NEW DELHI, Aug 3 (Reuters) - DowDuPont Inc has told India it is putting off trials needed for approval to sell a genetically modified variety of corn, taking a cue from U.S. rival Monsanto that has also pulled a similar application due to intellectual property concerns.
In a letter addressed to India's environment ministry reviewed by Reuters, the Indian arm of DowDuPont said it had obtained permission to conduct trials growing a small crop of the corn in the northern state of Punjab but would like to "defer the undertaking".
It did not give a reason behind its decision.
"This is to confirm that we have deferred the Biosafety Research Level-I confined field trials with transgenic maize planned during the season of kharif 2018," a DowDuPont spokeswoman told Reuters in an email, referring to the summer planting season. "The company remains committed to advancing agricultural productivity in India."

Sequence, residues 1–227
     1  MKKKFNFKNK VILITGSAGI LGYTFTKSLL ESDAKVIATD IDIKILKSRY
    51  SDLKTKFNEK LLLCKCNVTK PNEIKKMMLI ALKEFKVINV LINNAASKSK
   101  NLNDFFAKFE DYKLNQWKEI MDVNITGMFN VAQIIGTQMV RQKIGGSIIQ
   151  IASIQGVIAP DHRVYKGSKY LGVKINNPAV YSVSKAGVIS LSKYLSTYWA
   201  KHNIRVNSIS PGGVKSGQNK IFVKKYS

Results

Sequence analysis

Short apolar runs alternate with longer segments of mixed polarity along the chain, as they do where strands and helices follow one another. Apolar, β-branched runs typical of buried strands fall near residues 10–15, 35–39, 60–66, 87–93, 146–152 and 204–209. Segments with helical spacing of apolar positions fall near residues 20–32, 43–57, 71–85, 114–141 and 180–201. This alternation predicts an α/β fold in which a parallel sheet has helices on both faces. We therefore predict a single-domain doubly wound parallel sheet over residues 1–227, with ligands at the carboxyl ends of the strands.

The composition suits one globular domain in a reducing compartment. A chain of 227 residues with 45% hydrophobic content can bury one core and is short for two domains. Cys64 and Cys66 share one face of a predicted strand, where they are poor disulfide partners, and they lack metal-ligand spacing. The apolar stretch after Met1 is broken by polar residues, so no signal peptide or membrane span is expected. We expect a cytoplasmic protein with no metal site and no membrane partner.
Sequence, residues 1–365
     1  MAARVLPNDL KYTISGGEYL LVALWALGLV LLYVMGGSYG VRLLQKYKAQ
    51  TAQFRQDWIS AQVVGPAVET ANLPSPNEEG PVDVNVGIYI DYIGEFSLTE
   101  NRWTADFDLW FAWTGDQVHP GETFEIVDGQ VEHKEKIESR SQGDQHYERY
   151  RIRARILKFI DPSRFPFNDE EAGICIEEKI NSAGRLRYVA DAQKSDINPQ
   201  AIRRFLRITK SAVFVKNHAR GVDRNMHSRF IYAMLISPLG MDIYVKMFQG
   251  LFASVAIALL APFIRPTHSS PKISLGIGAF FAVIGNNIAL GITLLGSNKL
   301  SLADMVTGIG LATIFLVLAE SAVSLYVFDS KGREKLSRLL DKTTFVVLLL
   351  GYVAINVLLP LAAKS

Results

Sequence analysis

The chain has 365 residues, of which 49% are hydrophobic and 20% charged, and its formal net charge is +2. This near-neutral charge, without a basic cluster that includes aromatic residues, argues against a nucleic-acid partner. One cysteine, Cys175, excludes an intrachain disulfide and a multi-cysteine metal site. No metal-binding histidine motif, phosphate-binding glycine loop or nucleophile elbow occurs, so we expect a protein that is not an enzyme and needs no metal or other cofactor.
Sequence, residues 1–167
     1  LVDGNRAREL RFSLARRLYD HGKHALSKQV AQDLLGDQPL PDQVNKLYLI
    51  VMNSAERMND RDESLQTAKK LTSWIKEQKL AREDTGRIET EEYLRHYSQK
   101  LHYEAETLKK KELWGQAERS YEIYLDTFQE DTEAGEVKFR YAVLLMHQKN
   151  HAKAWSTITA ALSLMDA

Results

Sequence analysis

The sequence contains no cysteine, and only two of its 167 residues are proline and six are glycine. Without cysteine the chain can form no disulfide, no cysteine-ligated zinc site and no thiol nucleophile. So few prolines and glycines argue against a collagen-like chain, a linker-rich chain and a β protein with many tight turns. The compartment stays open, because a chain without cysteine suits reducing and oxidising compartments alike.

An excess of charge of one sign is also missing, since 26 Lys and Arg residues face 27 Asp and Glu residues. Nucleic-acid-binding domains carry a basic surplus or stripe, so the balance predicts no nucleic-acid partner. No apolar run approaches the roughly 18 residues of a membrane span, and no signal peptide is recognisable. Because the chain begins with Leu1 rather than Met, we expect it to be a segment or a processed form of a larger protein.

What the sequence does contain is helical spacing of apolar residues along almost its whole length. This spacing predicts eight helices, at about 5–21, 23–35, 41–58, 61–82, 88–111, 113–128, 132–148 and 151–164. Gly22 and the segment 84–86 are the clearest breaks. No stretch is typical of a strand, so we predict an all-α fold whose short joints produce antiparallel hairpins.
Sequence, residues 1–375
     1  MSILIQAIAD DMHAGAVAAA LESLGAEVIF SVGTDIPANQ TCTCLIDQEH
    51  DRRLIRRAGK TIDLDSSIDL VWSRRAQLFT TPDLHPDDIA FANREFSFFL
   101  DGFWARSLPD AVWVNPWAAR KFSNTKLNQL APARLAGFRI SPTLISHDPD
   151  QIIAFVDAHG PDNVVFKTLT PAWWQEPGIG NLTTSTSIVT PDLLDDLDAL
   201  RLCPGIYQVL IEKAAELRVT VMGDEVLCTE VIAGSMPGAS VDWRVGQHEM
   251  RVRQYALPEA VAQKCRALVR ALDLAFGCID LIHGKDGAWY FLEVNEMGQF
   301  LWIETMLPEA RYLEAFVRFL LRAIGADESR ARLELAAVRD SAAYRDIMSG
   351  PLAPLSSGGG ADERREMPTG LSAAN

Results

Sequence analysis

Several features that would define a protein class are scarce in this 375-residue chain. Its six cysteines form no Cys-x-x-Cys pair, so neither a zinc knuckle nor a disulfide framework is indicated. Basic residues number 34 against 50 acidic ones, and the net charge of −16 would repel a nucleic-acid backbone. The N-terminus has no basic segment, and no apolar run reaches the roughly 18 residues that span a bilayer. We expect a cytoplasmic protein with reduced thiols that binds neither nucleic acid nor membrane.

She declined to give details. The decision to put off trials is not public. (Reporting by Mayank Bhardwaj; Editing by Krishna N. Das and Christian Schmollinger)